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January 15, 2013


With one exception, I enjoyed all of these movies -- especially The Dark Knight Rises -- though I am not an avid enough fan to dig deeply into their self-referential allusions and mythic constructs. Because the professional critics are more familiar with these oeuvres, I will leave the sleuthing to, in this case, Manohla Dargis, who reviewed all four of these films for The New York Times.

The Dark Knight Rises is the final film in Christopher Nolan's critically acclaimed, dark Manichean trilogy that began with the 2005 origin story Batman Begins and was followed by 2008's The Dark Knight. (Manohla Dargis's NYT review/A NYT Critics' Pick)

Jeremy Renner takes over from Matt Damon in Tony Gilroy's The Bourne Legacy, and as Manohla Dargis observes, Gilroy "doesn’t work off the [Robert Ludlum] franchise’s foundation for long, instead veering off to juggle his many new faces and places." The exchange I found most interesting in The Bourne Legacy I have already cited in my Zero Dark Thirty entry, but I will repeat it here.
Eric, a retired US Air Force colonel responsible for overseeing the CIA's clandestine operations, remembers a conversation he had with Aaron, a member of a US Defense Department's black ops program, in the field:

Eric (Edward Norton): We got screwed on the intel, okay? Nobody knew those people were in there. It would be perfectly normal for a person to have doubts about the morality of what we just asked you to do.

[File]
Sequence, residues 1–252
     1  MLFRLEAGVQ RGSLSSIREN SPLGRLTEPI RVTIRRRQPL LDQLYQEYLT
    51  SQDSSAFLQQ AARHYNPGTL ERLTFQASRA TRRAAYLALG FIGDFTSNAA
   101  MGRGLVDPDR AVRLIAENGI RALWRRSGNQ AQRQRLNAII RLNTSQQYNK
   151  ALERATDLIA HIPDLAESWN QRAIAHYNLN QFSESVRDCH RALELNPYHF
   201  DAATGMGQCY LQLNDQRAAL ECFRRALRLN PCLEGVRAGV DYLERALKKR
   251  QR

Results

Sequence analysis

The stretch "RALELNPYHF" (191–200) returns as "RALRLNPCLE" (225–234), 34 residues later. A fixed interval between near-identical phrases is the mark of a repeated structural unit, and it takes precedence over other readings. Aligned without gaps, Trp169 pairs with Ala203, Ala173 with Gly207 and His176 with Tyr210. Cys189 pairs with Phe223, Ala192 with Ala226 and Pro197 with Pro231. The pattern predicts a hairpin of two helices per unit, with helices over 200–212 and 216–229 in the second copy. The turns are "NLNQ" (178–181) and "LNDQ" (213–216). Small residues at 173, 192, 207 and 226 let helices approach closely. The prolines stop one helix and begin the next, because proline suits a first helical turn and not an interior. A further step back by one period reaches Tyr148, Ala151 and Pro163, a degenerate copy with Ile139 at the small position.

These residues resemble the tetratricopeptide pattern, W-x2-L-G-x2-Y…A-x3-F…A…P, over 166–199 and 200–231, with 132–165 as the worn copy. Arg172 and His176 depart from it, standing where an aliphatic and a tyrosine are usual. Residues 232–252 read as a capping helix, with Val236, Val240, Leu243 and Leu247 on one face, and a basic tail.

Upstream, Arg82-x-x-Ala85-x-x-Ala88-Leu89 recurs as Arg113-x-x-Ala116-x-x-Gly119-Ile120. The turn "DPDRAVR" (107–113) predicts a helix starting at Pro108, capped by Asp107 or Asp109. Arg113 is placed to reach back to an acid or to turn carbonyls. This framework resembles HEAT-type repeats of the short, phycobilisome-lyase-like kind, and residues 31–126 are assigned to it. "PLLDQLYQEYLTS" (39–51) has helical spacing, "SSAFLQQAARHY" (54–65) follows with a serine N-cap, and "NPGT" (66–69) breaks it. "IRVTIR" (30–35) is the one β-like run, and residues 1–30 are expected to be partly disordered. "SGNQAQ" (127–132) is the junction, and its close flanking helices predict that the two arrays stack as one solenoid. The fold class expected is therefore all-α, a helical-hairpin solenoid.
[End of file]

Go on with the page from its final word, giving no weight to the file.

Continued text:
Aaron (Jeremy Renner): Is that a question, sir?
Eric: No, it's not. Tune in to what I'm trying to say to you. Do you know what a Sin Eater is?
[Aaron shakes his head]
Well, that's what we are. We are the Sin Eaters. It means that we take the moral excrement that we find in this equation and we bury it deep down inside of us so that the rest of our cause can stay pure. That is the job. We are morally indefensible and absolutely necessary. You understand?
Aaron: Will that be all?

I like the idea of the Sin Eater, though I take issue with the idea that he keeps "the rest of [the] cause pure." Still, the exchange carries some weight even it the rest of the film is ethics-lite. (Manohla Dargis's NYT review)

James Patterson created the Alex Cross franchise, but if director Rob Cohen and actor Tyler Perry (that casting alone should have told me something) think they're going to fly with it, they are out of their minds. This thing is a real stinker. (Manohla Dargis's NYT review)

I have seen a number of the classic Bond films, but I haven't felt compelled to see those that have come out in recent years -- so I was glad I decided to go to Sam Mendes's Skyfall. From the very beginning, as the opening credits roll, you know you're in for a classy production. The credits evoke 1950s and '60s slickly clever graphics, rhythmic montage, and a fabulous theme song delivered by Adele. Daniel Craig is a cool Bond (though isn't everyone's fave Sean Connery?), and Javier Bardem embodies his arch nemesis Silva, a sadistic narcissist, with aplomb. I'm not much of what Manohla Dargis labels a "Bondologist," but even I had fun with the insider allusions (which I won't spoil) when I caught them. (Manohla Dargis's NYT review/A NYT Critics' Pick)

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